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Alan Pergament: TV reporters whose hearts remain in Buffalo return to assist on mass shooting story | Television

They may have left Buffalo, but many former local TV reporters also left a piece of their hearts here.

That was clear recently when they left their current stations in bigger markets to help stations here cover the racist mass shooting at the Tops supermarket on Jefferson Avenue.

The reporters who used to work here are an asset in covering one of the biggest stories in recent local history because they knew the area and some of the newsmakers before they moved to bigger markets.

In addition, some reporters with jobs in bigger TV markets who work for the same ownership groups that own Buffalo stations were sent here to assist with the coverage of the heartbreaking story.

Here is a partial list of the reporters who no longer are based here who have reported on the story or volunteered and what stations they now work for after leaving the Buffalo market.

Madison Carter, the former WKBW-TV (Channel 7) anchor-reporter, has been a significant part of WGRZ-TV’s (Channel 2) coverage. She assisted Channel 2 rather than her former Buffalo station because she now works for a station in Atlanta, 11 Alive, that has the same owner, Tegna, as Channel 2. Atlanta is the No. 6 market in the country, a big step up from Buffalo, which is No. 53.

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Once she returned to Atlanta, Carter tweeted: “Thanks for letting me come home and be with you all for a few days. Wish I could do more. As always, my heart remains in (Buffalo emoji.)”

Karys Belger, a former WGRZ reporter, also is helping her former station on the story. She also now works for 11 Alive in Atlanta. Upon leaving Buffalo, she tweeted: “I love you Buffalo. You are truly unique. I hate that this tragedy is what brought me back. I also hate that I’m leaving feeling like I could have done more. A piece of my heart will always belong to the 716.”

In an email to questions from this reporter, Belger added: “I spent three years of my life in Buffalo. While some of my time was challenging, I truly loved being there and the way people embraced me.”

She was at her Atlanta station when she received notifications on her phone about the shooting and reached out to people to find out if they were OK.

“If my (Atlanta) news director hadn’t asked me if I wanted to come back, I would have gone into her office and demanded she send me,” Belger wrote.

When asked, she immediately answered, “Yes! Absolutely.”

She hasn’t processed yet how covering the story has affected her.

“I’ll be honest, I was on autopilot for most of it,” she wrote. “From the day I landed until the Sunday I left I was kind of going through the motions. There were moments when I could take it all in. I would speak with people, some who knew me from my time in Buffalo and others who did not. There was this understanding that I couldn’t quite describe. However, it was there and it kept me going. I can’t fully describe right now how it affected me because I’m still processing it. It might be a month or two or five before I can fully answer that question. I just hope that I was able to do a little good.”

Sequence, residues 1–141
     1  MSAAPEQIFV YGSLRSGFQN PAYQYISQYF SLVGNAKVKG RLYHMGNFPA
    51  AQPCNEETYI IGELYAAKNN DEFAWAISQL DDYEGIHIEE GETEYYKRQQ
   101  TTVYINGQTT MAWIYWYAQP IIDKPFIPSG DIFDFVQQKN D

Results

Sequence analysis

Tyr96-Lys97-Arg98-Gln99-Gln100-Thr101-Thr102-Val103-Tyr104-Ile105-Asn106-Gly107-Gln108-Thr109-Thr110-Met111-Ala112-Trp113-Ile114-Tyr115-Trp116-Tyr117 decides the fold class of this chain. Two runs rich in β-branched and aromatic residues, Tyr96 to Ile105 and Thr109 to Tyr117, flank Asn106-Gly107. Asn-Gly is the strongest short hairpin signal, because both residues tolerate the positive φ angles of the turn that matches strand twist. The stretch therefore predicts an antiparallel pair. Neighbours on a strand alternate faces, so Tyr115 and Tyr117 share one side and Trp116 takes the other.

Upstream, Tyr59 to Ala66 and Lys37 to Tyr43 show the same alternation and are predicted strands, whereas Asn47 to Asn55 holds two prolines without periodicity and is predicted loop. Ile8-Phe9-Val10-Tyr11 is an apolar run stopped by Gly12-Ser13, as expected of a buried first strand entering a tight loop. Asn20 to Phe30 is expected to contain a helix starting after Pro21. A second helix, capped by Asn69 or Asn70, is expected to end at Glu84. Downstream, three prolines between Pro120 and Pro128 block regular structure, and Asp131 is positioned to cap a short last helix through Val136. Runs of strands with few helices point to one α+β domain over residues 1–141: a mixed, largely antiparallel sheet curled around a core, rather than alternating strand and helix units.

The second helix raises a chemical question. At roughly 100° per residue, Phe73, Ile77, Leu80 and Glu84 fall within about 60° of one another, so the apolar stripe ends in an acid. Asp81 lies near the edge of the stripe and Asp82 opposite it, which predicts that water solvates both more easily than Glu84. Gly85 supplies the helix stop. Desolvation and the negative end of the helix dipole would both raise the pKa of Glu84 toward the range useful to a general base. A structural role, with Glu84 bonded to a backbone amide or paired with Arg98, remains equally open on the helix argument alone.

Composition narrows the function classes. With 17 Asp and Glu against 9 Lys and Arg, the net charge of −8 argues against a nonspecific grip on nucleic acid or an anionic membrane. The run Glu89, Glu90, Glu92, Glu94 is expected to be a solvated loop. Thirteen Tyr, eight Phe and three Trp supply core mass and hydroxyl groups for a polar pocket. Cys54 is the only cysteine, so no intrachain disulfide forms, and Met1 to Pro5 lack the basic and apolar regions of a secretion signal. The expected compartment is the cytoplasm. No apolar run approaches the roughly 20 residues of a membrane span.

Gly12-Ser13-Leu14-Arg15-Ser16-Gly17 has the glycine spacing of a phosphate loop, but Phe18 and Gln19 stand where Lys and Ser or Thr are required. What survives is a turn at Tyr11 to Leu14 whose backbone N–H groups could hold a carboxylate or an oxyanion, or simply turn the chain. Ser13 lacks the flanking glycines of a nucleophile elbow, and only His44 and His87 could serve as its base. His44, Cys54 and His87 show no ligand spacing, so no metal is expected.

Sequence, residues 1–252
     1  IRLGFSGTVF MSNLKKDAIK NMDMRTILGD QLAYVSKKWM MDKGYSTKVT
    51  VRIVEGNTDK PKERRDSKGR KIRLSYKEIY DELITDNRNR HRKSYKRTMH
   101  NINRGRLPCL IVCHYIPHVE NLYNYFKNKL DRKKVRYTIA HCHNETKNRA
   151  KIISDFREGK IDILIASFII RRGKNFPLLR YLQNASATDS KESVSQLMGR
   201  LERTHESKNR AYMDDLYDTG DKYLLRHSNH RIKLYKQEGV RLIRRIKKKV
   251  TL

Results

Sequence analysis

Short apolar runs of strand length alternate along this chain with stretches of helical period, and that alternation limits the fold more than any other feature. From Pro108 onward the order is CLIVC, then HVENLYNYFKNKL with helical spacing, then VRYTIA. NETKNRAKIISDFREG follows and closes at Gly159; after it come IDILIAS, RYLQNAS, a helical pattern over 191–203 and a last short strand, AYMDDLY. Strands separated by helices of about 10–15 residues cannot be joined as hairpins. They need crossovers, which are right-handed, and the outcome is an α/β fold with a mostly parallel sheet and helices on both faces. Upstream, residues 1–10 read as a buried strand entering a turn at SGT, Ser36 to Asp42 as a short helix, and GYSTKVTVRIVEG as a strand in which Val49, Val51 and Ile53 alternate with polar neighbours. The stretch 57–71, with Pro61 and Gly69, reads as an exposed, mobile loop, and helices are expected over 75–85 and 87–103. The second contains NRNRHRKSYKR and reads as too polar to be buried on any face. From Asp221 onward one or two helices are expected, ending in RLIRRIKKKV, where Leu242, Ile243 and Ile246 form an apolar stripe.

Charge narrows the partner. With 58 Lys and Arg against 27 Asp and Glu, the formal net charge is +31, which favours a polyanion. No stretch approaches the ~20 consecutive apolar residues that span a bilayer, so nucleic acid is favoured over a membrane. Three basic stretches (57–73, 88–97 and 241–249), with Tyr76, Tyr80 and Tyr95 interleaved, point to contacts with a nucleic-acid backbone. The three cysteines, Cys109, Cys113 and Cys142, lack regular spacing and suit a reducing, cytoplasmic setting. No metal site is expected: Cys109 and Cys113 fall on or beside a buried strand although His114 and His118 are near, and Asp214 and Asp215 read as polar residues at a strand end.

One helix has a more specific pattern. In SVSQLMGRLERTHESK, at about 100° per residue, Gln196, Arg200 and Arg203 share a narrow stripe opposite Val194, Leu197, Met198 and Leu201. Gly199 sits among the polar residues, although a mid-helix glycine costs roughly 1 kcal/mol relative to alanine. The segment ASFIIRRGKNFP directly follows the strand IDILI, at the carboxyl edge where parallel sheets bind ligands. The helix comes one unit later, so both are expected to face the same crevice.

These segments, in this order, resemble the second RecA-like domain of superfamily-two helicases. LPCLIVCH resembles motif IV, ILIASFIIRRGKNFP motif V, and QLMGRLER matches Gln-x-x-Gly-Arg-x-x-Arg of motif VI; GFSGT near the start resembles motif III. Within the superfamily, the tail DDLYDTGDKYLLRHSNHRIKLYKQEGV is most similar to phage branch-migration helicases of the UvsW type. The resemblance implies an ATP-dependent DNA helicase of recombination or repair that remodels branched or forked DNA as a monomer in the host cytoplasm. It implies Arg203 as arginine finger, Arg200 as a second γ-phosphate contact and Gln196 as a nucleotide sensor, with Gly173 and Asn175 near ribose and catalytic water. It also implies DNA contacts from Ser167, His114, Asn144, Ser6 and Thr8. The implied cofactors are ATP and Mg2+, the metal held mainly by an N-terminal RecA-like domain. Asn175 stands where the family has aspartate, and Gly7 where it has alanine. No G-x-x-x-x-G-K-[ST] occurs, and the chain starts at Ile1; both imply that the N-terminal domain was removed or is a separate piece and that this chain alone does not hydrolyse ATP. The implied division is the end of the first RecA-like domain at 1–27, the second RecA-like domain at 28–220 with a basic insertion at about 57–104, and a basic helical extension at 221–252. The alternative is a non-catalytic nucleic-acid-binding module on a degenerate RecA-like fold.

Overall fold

Nikki DeMentri, who left WKBW-TV (Channel 7) for a bigger market, has been a big part of her former station’s coverage. She now works for WRTV, an Indianapolis station that is in the No. 25 market in the country. Like WKBW, WRTV is owned by the EW Scripps Company, which uses Channel 7 as a training ground for reporters like DeMentri before they are ready to move on to bigger markets. Upon arriving here with a photographer, DeMentri tweeted: “Buffalo, we love you. You hold such a special place in my heart.”

John Kosch: The former WKBW reporter was at that station for the first weekend’s coverage of the shooting. He is now a reporter at WEWS in Cleveland, the nation’s No. 19 TV market in the country. He tweeted: “Our heart aches for Buffalo, a city that those who know Stacey (his wife of him) and I know shares a special place in our life.” Then he shared a sweet Op-Ed he wrote about living in Buffalo for three years that this newspaper ran when he left 20 years ago.

Jamie Hoskin, a former WIVB-TV (Channel 4) producer, came here last week to volunteer, not to work. She is now a producer at Fox 5, WTTG, in Washington, DC, which is the No. 7 market in the country. She tweeted a few days ago: “I spoke to so many kind people. I will never forget them or the conversations I had with them. But that support and sense of community cannot end. Racism has no place in this country and there is so much work that still needs to be done.”

WIVB (Channel 4) also might have confused some viewers by suggesting that a couple of strong reporters from other Nexstar stations were based in Buffalo instead of just being brought here last weekend to help with the coverage.

Jamie DeLine is headquartered at WTEN, News 10 in Albany. Like WIVB, the Albany station is owned by Nexstar. She is the New York State Capital Bureau reporter for the Nexstar group.

Reshad Hudson, another Nexstar employee assisting WIVB’s coverage, is a Washington, DC, correspondent for Nexstar.

inquiring minds want to know: Where is WGRZ reporter Leanne Stuck? She left the station a few months ago. Just this week, a podcast, “Unsolved: True Crime in WNY,” by Stuck and another WGRZ staffer, Amanda Berg, was nominated for a regional Edward R. Murrow award.

What’s in a name?: To those asking why the WIVB news director fired last week was named Lisa Polizzi in the story about her departure rather than the name she used for most of her five years in the position, Lisa Polster, the answer is simple. Polizzi, who is divorced, told me recently she preferred now to be called by her maiden name de ella.


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